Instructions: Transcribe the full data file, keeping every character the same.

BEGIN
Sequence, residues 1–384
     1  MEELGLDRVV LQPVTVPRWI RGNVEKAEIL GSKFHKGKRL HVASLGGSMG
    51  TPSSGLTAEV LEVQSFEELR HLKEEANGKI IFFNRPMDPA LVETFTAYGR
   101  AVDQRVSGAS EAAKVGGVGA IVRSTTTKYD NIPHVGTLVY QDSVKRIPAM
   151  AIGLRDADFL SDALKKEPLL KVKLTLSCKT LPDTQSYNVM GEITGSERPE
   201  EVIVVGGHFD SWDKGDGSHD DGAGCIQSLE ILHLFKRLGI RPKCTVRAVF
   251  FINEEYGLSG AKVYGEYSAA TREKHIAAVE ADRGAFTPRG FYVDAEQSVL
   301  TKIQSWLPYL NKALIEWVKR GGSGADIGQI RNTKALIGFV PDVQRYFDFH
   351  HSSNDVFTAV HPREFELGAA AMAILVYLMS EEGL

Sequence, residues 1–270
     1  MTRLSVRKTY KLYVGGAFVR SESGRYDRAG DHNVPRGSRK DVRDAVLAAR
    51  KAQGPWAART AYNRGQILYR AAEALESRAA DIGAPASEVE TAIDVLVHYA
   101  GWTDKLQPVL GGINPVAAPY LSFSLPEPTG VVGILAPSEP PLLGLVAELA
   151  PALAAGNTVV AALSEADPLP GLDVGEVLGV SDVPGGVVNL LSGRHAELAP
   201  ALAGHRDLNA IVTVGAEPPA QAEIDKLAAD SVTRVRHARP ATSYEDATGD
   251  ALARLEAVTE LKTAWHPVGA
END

Sequence, residues 1–384
     1  MEELGLDRVV LQPVTVPRWI RGNVEKAEIL GSKFHKGKRL HVASLGGSMG
    51  TPSSGLTAEV LEVQSFEELR HLKEEANGKI IFFNRPMDPA LVETFTAYGR
   101  AVDQRVSGAS EAAKVGGVGA IVRSTTTKYD NIPHVGTLVY QDSVKRIPAM
   151  AIGLRDADFL SDALKKEPLL KVKLTLSCKT LPDTQSYNVM GEITGSERPE
   201  EVIVVGGHFD SWDKGDGSHD DGAGCIQSLE ILHLFKRLGI RPKCTVRAVF
   251  FINEEYGLSG AKVYGEYSAA TREKHIAAVE ADRGAFTPRG FYVDAEQSVL
   301  TKIQSWLPYL NKALIEWVKR GGSGADIGQI RNTKALIGFV PDVQRYFDFH
   351  HSSNDVFTAV HPREFELGAA AMAILVYLMS EEGL

Sequence, residues 1–270
     1  MTRLSVRKTY KLYVGGAFVR SESGRYDRAG DHNVPRGSRK DVRDAVLAAR
    51  KAQGPWAART AYNRGQILYR AAEALESRAA DIGAPASEVE TAIDVLVHYA
   101  GWTDKLQPVL GGINPVAAPY LSFSLPEPTG VVGILAPSEP PLLGLVAELA
   151  PALAAGNTVV AALSEADPLP GLDVGEVLGV SDVPGGVVNL LSGRHAELAP
   201  ALAGHRDLNA IVTVGAEPPA QAEIDKLAAD SVTRVRHARP ATSYEDATGD
   251  ALARLEAVTE LKTAWHPVGA